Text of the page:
Yesterday I took a fairly long walk which included climbing up through old slate quarries to Coniston Old Man. And then returning to Coniston via historic Copper mines. It was a long walk, six hours or so, the sun was ‘out’ and the wind ‘down’. I met many people on the trail most memorably an elderly woman walking out confidently and steadily. Nice day I remarked as we passed. Yes she responded, Not a day to race! I know just what she meant. Having ever-so-slowly gained the top of a mountain it is all too easy to charge off if the ground is flat or slopping downwards. She knew all about that and wasn’t tempted. A lesson for life on so many levels. I’ll always remember her.
What is the appeal of those grand places and venerable artifacts that are left to decay. Then revisited and appreciated all over again in all their faded glory through photographs? Abandoned places the worlds left behind Is a collection of sumptuous images. The photograph above is one I took some years ago but no match for the photographs published by the Guardian.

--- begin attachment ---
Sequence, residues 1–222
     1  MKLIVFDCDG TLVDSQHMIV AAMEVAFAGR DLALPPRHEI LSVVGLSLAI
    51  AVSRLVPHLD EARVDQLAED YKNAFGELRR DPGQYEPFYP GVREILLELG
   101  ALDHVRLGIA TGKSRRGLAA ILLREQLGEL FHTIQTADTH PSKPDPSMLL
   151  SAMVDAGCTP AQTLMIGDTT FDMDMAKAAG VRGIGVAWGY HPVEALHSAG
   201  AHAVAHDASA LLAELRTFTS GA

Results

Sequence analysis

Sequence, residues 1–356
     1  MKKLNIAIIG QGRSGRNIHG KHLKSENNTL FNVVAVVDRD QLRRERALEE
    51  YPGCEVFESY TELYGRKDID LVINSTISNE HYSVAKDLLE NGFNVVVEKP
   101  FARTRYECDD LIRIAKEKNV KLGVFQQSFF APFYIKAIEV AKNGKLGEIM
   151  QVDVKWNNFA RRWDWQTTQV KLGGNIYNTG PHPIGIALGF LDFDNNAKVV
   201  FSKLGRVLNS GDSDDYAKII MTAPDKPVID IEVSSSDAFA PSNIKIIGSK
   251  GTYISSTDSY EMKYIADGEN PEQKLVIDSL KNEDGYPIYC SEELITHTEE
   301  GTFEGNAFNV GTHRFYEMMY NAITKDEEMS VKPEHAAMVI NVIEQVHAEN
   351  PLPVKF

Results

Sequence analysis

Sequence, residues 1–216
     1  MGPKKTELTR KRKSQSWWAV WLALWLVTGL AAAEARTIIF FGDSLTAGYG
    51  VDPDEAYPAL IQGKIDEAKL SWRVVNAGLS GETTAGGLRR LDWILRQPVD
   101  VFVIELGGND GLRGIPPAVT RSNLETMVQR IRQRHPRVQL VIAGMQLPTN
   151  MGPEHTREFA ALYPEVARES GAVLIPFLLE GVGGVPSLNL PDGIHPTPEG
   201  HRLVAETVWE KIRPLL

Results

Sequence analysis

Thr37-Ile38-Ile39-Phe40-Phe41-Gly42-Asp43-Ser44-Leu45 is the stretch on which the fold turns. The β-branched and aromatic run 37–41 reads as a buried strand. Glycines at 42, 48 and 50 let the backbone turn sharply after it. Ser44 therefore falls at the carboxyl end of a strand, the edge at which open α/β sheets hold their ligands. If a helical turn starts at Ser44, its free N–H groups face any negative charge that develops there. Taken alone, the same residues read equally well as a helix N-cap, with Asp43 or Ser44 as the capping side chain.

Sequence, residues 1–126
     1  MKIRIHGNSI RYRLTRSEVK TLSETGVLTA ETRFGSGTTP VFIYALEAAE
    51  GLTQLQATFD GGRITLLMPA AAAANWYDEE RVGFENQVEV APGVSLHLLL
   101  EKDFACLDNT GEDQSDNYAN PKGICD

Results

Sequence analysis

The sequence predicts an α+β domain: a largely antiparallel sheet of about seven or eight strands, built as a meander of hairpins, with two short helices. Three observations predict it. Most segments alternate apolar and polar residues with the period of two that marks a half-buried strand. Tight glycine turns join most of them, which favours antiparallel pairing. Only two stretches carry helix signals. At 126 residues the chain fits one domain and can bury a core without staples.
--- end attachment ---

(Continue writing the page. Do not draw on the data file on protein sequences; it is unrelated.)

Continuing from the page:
So, what’s the appeal? The aesthetic of Wabi Sabi fairly much answers the question. Here quoting from Wikipedia:
Japanese aesthetics and a Japanese world view centered on the acceptance of transience and imperfection. The aesthetic is sometimes described as one of beauty that is “imperfect, impermanent, and incomplete”. It is a concept derived from the Buddhist teaching of the three marks of existence (三法印 sanbōin?), specifically impermanence (無常 mujō?), suffering (苦 ku?) and emptiness or absence of self-nature (空 kū?).